Franz Josef Antel was born on June 28, 1913 in Vienna, Austria-Hungary. Antel worked mainly as a film producer in the interwar years. After World War II, he began writing and directing films on a large scale. In the late 1940s, 1950s and 1960s these were mainly comedies for Austrian and German audiences. In between there is quite a sober film about the Oberst (Colonel) Redl affair that shook the Austro-Hungarian Monarchy on the eve of World War I.
From the late 1960s, encouraged by the new opportunities in the film industry brought about by the sexual revolution, Antel gradually switched his main interest to soft porn and ribaldry. It was in particular his series of Wirtin ("hostess") films, directed under the pseudonym François Legrand, with which he tried to win international recognition. Titles included “The Sweet Sins of Sexy Susan” (1967), “Sexy Susan Sins Again” (1969), “Wild, Willing & Sexy” (1969) and “Don't Tell Daddy” (aka “Naughty Nymphs” in the U.S.A.) (1972).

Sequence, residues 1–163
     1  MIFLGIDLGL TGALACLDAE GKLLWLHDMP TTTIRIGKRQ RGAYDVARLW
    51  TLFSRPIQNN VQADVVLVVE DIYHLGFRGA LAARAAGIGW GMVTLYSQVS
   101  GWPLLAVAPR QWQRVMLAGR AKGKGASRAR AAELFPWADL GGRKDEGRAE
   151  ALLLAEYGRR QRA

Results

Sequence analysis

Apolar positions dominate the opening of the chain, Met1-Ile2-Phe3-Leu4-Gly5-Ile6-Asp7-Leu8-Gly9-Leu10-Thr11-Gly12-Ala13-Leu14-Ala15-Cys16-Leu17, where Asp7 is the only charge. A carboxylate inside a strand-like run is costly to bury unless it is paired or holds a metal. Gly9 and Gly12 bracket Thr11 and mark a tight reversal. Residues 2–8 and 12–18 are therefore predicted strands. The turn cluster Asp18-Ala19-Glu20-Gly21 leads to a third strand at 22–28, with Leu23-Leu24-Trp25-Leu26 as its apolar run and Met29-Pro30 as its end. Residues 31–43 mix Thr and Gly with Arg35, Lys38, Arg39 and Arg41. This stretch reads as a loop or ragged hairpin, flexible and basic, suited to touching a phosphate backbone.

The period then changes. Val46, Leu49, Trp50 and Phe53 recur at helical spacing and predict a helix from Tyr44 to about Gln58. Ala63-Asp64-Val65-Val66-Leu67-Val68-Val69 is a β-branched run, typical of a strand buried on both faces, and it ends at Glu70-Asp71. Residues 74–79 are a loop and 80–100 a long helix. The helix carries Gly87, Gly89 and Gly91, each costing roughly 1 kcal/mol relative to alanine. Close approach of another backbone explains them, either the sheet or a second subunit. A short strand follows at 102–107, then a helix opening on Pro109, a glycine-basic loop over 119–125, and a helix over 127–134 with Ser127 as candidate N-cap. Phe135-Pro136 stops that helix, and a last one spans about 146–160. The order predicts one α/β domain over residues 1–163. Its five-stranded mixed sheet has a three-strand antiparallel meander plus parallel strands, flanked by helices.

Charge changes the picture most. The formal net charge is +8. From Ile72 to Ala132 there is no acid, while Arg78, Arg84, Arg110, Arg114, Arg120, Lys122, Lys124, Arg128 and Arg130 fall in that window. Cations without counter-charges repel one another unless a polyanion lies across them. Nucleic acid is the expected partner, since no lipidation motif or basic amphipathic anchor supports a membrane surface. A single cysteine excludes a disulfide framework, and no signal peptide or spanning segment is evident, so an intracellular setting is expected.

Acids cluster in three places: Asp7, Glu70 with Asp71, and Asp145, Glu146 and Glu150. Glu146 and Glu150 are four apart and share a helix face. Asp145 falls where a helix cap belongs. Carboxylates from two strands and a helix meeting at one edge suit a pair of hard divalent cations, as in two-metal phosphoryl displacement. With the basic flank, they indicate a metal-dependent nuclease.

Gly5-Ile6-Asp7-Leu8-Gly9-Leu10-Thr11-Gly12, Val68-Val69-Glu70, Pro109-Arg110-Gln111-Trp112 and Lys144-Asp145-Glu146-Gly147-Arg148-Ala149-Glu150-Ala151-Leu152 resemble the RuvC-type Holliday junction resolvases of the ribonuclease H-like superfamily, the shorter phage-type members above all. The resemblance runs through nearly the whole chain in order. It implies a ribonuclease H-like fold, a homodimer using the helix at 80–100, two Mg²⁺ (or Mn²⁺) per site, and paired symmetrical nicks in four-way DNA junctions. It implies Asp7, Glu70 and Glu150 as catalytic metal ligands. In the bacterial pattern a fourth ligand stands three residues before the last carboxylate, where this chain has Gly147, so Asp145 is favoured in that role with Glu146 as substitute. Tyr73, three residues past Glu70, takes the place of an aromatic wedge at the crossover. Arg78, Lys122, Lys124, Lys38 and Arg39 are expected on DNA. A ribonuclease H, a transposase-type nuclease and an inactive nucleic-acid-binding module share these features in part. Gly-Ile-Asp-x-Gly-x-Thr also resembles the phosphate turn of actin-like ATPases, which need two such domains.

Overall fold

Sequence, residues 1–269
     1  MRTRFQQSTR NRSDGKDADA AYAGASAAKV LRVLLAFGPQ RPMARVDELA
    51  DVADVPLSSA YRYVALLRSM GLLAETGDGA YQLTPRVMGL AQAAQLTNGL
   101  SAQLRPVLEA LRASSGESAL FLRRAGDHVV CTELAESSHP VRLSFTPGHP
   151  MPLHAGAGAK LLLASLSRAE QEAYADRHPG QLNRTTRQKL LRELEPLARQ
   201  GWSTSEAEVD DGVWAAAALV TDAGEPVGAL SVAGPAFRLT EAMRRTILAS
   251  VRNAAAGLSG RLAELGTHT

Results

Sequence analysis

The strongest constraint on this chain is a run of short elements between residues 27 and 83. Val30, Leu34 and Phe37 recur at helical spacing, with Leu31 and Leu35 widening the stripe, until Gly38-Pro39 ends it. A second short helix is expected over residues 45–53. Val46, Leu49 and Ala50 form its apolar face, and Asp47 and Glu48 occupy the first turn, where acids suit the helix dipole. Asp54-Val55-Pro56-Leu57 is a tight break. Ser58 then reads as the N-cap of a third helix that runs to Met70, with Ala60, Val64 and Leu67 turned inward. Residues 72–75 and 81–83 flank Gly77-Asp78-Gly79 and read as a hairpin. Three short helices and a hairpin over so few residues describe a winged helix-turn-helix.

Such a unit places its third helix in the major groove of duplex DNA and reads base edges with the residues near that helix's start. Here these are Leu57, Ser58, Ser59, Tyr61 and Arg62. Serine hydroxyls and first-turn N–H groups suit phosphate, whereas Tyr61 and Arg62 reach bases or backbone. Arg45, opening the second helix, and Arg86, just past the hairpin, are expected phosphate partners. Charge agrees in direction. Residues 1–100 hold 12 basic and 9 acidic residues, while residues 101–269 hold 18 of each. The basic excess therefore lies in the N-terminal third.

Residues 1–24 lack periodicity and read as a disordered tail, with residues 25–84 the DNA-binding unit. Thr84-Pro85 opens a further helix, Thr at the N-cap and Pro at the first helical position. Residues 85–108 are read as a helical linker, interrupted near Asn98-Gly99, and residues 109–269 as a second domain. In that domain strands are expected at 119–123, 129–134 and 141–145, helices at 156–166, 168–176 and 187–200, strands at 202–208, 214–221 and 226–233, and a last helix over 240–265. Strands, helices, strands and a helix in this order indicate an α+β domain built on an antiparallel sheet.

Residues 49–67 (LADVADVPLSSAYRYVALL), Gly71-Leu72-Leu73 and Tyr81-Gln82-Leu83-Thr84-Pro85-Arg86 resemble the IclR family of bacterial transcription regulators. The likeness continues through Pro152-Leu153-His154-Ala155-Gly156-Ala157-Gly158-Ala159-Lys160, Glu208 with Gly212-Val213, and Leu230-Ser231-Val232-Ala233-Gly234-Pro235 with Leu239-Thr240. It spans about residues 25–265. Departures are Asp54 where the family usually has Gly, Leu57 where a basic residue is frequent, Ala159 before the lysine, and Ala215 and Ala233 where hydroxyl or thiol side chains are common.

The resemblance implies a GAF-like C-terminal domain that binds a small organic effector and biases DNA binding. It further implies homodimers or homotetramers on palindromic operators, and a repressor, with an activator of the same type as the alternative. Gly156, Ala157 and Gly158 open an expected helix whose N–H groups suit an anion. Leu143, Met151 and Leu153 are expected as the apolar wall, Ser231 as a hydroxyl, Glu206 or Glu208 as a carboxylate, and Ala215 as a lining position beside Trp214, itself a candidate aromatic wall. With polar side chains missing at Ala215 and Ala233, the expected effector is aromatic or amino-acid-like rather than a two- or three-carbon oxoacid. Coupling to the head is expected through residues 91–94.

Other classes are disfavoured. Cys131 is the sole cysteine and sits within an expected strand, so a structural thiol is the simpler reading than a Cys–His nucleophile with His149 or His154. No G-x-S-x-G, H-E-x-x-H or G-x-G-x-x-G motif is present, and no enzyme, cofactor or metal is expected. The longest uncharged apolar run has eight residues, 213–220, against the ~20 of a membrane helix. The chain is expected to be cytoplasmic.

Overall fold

Antel directed one Euro-western: “Trinity, the Clown, the Guitar” (1975) [as François Legrand].
1981 was a turning point in Antel's career when he adapted for the big screen a stage play by Ulrich Becher and Peter Preses. Set from the days of the Anschluss of 1938 until after the end of the war, “Der Bockerer” is about a Viennese butcher named Karl Bockerer (Karl Merkatz) whose common sense rather than intellect tells him to oppose the Nazis and who dares to show resistance just because he is never fully aware of the possible fateful consequences of his actions. While Bockerer and his wife survive the war unscathed, their son joins the SA but, after some internal intrigue, is sent to the front and killed. The film was entered into the 12th Moscow International Film Festival.
Antel died in Vienna, Austria on August 11, 2007.
Today we remember Franz Antel on what would have been his 100th birthday